1
$\begingroup$

I am trying to derive the parameter estimation equations for the M-step of the expectation maximization (EM) algorithm for a mixture Gaussians when all Gaussians share the same covariance matrix $\mathbf{\Sigma}$.

Pattern Recognition and Machine Learning by Bishop has a section on EM for Gaussian mixtures, and it includes a derivation of the M-step when all $K$ Gaussians have different covariance matrices $\mathbf{\Sigma_k}$. I think that if I can understand this derivation well, I can modify it to get what I want.

I understand the derivation given by Bishop for the M-step equation for $\mathbf{\mu_k}$. However, the book does not show detailed steps for the derivation of the M-step for $\mathbf{\Sigma_k}$. When I tried to derive it myself by computing $\frac{\partial \mathbf{L}}{\partial \mathbf{\Sigma_k}}$ and setting it to 0, I came across the following derivative that I don't know how to deal with:

$$ \frac{\partial}{\partial \mathbf{\Sigma_k}} \left ( (2\pi)^{-d/2}|\mathbf{\Sigma_k}|^{-1/2}e^{-\frac{1}{2}(x-\mathbf{\mu_k})^T\mathbf{\Sigma_k}^{-1}(x-\mathbf{\mu_k})}\right ) $$

Basically, it's the derivative of the multivariate Gaussian pdf with respect to the covariance matrix. How do I compute this derivative? I've computed the derivative of the logarithm of this function before when studying Gaussian Bayes classifiers, so that makes me think I've made a mistake somewhere.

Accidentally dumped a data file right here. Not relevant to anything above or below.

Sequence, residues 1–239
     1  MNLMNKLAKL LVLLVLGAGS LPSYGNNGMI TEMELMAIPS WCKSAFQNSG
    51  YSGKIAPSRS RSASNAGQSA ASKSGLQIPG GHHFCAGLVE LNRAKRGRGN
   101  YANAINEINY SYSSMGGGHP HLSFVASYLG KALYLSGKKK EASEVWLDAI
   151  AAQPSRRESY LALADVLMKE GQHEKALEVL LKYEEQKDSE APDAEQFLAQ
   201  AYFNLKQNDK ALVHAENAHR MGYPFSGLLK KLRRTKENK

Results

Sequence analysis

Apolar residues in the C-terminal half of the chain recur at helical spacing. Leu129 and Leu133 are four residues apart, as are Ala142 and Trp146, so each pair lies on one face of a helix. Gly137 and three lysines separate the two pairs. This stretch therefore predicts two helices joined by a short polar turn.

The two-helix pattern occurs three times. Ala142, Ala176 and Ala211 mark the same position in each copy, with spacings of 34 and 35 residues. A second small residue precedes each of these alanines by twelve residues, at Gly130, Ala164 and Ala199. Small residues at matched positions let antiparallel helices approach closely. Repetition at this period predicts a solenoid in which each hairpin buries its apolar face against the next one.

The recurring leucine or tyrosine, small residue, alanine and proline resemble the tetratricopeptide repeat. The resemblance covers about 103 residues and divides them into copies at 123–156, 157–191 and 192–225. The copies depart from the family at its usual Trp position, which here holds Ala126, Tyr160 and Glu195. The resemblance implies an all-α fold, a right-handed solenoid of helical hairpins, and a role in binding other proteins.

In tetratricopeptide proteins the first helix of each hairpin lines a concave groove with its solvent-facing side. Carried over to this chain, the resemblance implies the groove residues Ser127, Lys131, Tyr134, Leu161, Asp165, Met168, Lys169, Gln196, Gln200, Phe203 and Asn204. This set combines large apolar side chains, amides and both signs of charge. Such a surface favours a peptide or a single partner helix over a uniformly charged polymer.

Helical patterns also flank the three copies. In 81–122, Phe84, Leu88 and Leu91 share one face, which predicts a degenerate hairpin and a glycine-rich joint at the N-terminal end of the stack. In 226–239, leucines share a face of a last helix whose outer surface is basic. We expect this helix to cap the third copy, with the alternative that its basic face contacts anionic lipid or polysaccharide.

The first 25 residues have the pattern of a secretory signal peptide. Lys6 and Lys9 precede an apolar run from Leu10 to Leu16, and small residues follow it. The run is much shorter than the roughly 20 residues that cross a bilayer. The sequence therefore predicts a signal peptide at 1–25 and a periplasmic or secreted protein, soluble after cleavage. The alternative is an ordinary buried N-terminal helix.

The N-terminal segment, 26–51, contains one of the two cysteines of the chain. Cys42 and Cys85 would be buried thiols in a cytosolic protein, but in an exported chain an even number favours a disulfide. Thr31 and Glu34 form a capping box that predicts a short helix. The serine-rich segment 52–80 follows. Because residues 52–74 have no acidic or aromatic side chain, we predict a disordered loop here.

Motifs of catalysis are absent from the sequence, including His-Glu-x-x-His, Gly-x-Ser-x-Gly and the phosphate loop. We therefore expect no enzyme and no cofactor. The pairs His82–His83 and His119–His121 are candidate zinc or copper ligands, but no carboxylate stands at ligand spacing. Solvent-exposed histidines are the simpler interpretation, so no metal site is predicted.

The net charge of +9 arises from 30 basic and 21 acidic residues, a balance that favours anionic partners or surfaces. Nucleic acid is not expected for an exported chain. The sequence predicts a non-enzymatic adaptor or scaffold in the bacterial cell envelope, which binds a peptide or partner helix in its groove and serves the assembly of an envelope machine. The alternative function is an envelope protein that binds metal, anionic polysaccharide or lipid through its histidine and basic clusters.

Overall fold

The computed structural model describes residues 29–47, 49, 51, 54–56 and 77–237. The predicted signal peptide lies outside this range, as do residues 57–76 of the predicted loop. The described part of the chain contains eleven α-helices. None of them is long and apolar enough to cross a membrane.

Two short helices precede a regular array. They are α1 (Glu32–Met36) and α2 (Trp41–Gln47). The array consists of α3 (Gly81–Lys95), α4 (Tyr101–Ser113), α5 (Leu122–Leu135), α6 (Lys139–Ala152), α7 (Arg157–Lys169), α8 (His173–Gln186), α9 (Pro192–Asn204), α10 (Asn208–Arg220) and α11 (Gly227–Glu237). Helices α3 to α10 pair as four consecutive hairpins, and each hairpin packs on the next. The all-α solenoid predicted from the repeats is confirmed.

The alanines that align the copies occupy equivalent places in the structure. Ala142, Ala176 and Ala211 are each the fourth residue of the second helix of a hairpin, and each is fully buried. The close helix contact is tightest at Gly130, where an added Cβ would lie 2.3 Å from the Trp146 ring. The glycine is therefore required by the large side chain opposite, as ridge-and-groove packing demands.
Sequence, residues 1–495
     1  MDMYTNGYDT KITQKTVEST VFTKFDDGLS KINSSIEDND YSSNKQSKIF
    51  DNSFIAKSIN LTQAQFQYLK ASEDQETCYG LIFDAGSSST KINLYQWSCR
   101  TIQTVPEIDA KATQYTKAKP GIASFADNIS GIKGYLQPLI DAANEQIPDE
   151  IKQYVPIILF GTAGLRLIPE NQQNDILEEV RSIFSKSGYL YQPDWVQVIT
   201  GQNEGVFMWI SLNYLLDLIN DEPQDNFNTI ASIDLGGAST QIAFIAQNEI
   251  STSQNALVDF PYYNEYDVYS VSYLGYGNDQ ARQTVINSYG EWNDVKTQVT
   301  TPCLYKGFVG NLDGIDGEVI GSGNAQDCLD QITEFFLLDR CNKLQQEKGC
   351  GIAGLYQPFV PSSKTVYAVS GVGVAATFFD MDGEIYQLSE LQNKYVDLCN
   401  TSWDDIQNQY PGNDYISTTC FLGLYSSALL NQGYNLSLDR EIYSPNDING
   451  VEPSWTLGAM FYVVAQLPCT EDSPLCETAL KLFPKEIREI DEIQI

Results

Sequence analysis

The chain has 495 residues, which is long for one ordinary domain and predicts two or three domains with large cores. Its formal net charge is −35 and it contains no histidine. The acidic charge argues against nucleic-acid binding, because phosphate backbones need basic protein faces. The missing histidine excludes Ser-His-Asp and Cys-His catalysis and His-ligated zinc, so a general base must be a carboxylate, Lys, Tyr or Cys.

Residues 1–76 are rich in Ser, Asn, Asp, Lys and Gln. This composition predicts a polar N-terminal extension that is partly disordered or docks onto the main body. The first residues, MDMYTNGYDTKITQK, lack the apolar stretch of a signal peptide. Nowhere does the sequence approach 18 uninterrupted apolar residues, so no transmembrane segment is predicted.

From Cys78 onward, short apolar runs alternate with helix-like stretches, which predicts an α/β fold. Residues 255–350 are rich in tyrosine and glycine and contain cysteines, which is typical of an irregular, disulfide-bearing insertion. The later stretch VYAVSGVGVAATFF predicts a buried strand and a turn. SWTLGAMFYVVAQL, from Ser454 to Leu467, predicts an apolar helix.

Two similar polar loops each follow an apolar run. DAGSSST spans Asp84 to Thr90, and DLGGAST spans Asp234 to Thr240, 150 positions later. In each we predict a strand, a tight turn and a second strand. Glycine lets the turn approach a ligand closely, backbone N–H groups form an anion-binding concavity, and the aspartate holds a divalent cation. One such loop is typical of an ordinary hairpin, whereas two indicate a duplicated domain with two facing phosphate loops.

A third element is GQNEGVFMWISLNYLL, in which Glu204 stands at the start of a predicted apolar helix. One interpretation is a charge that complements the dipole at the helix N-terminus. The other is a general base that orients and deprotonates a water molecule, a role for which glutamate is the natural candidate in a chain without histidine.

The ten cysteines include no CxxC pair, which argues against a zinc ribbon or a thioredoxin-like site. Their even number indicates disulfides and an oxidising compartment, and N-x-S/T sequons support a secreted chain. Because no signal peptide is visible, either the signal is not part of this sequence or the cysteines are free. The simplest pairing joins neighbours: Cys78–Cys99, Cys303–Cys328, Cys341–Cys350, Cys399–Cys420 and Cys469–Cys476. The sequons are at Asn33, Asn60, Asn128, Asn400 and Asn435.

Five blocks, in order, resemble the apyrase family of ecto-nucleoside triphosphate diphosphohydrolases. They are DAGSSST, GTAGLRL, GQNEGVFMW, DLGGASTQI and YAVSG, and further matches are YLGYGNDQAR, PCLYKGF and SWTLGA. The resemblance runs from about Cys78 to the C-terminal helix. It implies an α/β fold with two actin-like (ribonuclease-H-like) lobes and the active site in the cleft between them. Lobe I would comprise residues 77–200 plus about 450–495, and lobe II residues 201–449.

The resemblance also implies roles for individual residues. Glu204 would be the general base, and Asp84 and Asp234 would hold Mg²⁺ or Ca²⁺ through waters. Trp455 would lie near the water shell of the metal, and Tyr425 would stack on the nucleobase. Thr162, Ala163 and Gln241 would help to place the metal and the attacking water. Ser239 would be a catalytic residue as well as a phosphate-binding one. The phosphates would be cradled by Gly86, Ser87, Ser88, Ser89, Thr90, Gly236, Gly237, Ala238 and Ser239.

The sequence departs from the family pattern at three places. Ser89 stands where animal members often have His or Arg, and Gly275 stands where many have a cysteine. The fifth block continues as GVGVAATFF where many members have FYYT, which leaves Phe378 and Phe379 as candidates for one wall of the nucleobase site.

$\endgroup$
1
$\begingroup$

I've found the answer and I'm posting it for posterity. I mentioned in the question that computing the derivative of the logarithm of the PDF was easier. It turns out that this can be used to compute the derivative of the PDF itself:

$$ \frac{\partial \ln (f)}{\partial \mathbf{\Sigma}_k} = \frac{1}{f} \frac{\partial f}{\partial \mathbf{\Sigma}_k}\\ \Rightarrow \frac{\partial f}{\partial \mathbf{\Sigma}_k} = f \cdot\frac{\partial \ln (f)}{\partial \mathbf{\Sigma}_k} $$

Also, it turns out that taking the derivative of the PDF with respect to $\mathbf{\Sigma}^{-1}$ is easier and leads to the same answer.

$\endgroup$

Your Answer

By clicking “Post Your Answer”, you agree to our terms of service, privacy policy and cookie policy

Not the answer you're looking for? Browse other questions tagged or ask your own question.